The incoming Democratic chairs of two key U.S. Senate committees want the federal agency in charge of the 340B program “to take immediate action to clarify that implementation of a rebate model by [drug] manufacturers would violate a material condition of the 340B Drug Pricing Program.”
In a Jan. 8 letter to outgoing U.S. Health and Human Services (HHS) Secretary Alex Azar, Sens. Patty Murray (D-Wash.) and Tammy Baldwin (D-Wis.) said drug industry technology vendor Kalderos’ service to let manufacturers pay back-end drug rebates instead of up-front 340B drug discounts “violates both the spirit and the letter” of federal law, and “would significantly threaten the ability of 340B covered entities to access 340B savings and could result in denial of 340B pricing altogether.”
That Murray and Baldwin went to bat for 340B covered entities just five days into the new session of Congress speaks volumes about how the Senate will approach 340B under Democratic management.
Murray will soon chair the Senate Health, Education, Labor, and Pensions (HELP) Committee with jurisdiction over 340B. Baldwin will be one of its senior Democrats. Baldwin also will soon chair the Senate Appropriations subcommittee that oversees most federal health care spending including the U.S. Health and Human Services Department (HHS) and the Health Resources and Services Administration (HRSA). Democrats will take control of the Senate after party members Raphael Warnock and Jon Ossoff of Georgia are sworn in later this month. Warnock and Ossoff both won Senate run-off elections last week.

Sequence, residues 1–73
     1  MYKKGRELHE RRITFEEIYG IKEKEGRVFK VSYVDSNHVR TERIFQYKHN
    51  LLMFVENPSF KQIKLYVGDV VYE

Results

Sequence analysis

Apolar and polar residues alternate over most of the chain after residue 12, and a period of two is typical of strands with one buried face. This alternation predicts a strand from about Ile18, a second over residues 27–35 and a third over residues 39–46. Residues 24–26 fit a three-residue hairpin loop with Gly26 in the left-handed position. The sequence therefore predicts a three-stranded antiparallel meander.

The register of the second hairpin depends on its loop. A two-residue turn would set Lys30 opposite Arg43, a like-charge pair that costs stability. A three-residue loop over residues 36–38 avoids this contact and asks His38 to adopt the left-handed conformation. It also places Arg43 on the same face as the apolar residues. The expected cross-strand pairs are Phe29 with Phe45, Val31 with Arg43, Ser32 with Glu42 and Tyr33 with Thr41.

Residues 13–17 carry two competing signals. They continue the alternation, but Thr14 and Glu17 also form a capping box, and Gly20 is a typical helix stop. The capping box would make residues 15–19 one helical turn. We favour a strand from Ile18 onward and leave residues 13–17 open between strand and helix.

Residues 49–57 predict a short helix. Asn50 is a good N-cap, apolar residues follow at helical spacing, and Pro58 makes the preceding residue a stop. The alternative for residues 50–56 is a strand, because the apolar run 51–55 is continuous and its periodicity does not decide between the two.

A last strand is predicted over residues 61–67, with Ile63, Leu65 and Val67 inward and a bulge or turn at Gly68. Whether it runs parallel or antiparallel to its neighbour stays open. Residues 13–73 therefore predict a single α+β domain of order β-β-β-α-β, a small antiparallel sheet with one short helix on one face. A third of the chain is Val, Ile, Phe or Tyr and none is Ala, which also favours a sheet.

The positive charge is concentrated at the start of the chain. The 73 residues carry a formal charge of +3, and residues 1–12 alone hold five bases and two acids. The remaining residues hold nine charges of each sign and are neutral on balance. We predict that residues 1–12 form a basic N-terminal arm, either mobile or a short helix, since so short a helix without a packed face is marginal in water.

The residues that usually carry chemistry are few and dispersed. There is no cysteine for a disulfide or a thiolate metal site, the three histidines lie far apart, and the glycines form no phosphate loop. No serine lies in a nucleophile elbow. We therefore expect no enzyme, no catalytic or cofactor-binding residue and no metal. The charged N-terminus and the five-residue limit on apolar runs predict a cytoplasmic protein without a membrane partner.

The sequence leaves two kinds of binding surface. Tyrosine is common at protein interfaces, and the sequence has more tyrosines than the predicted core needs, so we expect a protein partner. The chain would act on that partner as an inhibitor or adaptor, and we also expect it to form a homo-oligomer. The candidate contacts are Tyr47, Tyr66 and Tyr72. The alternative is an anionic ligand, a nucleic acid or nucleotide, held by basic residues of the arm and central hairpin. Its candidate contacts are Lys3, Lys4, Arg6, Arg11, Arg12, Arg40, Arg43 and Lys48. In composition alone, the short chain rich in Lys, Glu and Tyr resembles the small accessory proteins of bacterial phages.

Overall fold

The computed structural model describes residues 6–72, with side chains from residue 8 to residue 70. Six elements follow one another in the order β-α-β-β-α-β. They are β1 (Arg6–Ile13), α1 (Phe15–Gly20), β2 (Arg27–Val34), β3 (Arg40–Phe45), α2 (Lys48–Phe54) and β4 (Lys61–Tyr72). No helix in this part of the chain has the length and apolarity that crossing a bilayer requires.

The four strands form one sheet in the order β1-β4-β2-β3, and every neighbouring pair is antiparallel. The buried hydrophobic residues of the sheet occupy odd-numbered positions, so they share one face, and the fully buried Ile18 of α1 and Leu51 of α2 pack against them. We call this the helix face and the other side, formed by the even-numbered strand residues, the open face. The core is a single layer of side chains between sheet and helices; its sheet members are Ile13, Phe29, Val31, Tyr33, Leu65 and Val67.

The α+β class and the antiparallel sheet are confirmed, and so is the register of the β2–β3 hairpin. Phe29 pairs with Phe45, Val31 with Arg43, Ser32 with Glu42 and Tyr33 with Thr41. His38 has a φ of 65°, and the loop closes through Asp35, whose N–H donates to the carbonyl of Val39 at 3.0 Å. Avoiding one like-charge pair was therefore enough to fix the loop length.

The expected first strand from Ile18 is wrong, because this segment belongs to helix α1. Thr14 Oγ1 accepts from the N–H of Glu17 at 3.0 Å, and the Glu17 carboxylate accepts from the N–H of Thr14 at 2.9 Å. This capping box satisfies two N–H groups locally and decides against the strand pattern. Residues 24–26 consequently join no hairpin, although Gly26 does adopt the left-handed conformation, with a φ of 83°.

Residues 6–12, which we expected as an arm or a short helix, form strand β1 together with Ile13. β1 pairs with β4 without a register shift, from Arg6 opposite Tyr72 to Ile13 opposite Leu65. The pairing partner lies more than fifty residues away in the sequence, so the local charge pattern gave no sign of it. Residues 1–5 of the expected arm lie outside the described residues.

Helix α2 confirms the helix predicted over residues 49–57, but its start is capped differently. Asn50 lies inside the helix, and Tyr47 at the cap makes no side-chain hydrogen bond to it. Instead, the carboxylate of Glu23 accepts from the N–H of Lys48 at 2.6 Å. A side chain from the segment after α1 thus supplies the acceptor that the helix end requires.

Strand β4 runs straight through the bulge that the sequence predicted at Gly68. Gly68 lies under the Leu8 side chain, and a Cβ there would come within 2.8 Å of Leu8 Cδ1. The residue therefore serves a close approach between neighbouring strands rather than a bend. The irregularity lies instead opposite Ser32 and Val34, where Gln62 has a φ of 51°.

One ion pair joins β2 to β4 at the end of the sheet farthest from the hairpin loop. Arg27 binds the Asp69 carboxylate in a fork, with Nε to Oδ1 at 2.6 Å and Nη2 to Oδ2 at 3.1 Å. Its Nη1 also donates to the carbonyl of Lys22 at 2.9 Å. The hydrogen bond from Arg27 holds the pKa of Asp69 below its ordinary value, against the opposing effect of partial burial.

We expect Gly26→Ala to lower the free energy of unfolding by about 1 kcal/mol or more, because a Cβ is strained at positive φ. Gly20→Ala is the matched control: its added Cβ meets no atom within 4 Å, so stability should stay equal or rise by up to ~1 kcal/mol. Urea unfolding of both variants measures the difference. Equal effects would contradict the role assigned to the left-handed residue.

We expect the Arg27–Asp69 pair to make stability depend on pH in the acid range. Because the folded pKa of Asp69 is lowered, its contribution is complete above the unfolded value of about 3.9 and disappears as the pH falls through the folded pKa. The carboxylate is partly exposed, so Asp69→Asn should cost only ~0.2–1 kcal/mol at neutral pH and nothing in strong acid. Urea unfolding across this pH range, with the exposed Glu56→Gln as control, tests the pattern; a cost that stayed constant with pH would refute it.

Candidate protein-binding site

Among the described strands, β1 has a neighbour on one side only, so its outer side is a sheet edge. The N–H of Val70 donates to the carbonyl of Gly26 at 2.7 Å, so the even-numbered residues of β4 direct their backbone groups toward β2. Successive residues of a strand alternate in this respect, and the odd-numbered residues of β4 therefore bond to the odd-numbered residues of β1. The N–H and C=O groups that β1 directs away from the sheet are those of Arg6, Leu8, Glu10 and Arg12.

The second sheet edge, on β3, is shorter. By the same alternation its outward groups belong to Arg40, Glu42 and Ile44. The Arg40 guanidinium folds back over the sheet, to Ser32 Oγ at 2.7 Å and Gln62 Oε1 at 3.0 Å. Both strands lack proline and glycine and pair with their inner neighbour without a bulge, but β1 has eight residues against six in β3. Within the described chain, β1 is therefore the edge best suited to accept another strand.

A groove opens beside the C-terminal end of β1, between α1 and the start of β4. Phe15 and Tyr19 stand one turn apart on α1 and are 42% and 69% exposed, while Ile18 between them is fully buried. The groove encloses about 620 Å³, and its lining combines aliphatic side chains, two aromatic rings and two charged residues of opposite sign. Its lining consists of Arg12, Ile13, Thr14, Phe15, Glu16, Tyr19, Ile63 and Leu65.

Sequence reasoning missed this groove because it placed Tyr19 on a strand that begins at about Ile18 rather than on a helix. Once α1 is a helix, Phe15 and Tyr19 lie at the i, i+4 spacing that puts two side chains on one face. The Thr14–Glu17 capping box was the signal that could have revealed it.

Kalderos’ rebate service is called 340B Pay. Under it, covered entities can decide, for drugs they themselves dispense, whether they want reduced 340B pricing in the form of an up-front discount or a back-end rebate. For drugs dispensed at contract pharmacies, the only way to get 340B pricing will be via a Kalderos rebate. Kalderos told 340B Report last month it expected a number of manufacturers will begin using 340B Pay this calendar quarter.
Kalderos announced 340B Pay this summer at roughly the same time as several drug manufacturers separately announced they were ending or imposing claims-identification conditions on 340B pricing for drugs dispensed by contract pharmacies. In their letter to Azar, Murray and Baldwin said HRSA should include Kalderos’ 340B rebate service in its ongoing review of those other manufacturers’ denials of 340B pricing.
The two senators noted that, on Dec. 30, the HHS general counsel issued an advisory opinion about the other manufacturers “reiterating that ‘manufacturers are required to offer covered outpatient drugs at no more than the 340B ceiling price.’”
“We are concerned that allowing manufacturers to replace the program’s point-of-sale discount requirement with a new rebate model would not only negatively impact 340B providers and the millions of patients they serve, but would also undermine the integrity of the 340B program,” Murray and Baldwin wrote.
“In the midst of a worsening COVID-19 pandemic, the transition to a rebate model would make participation in the 340B Drug Pricing Program more difficult and severely strain the resources of 340B entities and providers who have been on the frontline for months,” the senators said. “Furthermore, many 340B entities, including federally qualified health centers (FQHCs), FQHC Look-Alikes, children’s hospitals, Ryan White HIV/AIDS clinics, and other safety-net hospitals and providers, simply do not have the resources to purchase covered drugs at higher prices and then wait for an undetermined period of time for a rebate that is not guaranteed. Many covered entities have also raised concerns over potential negative implications of data sharing that would accompany rebate requests.”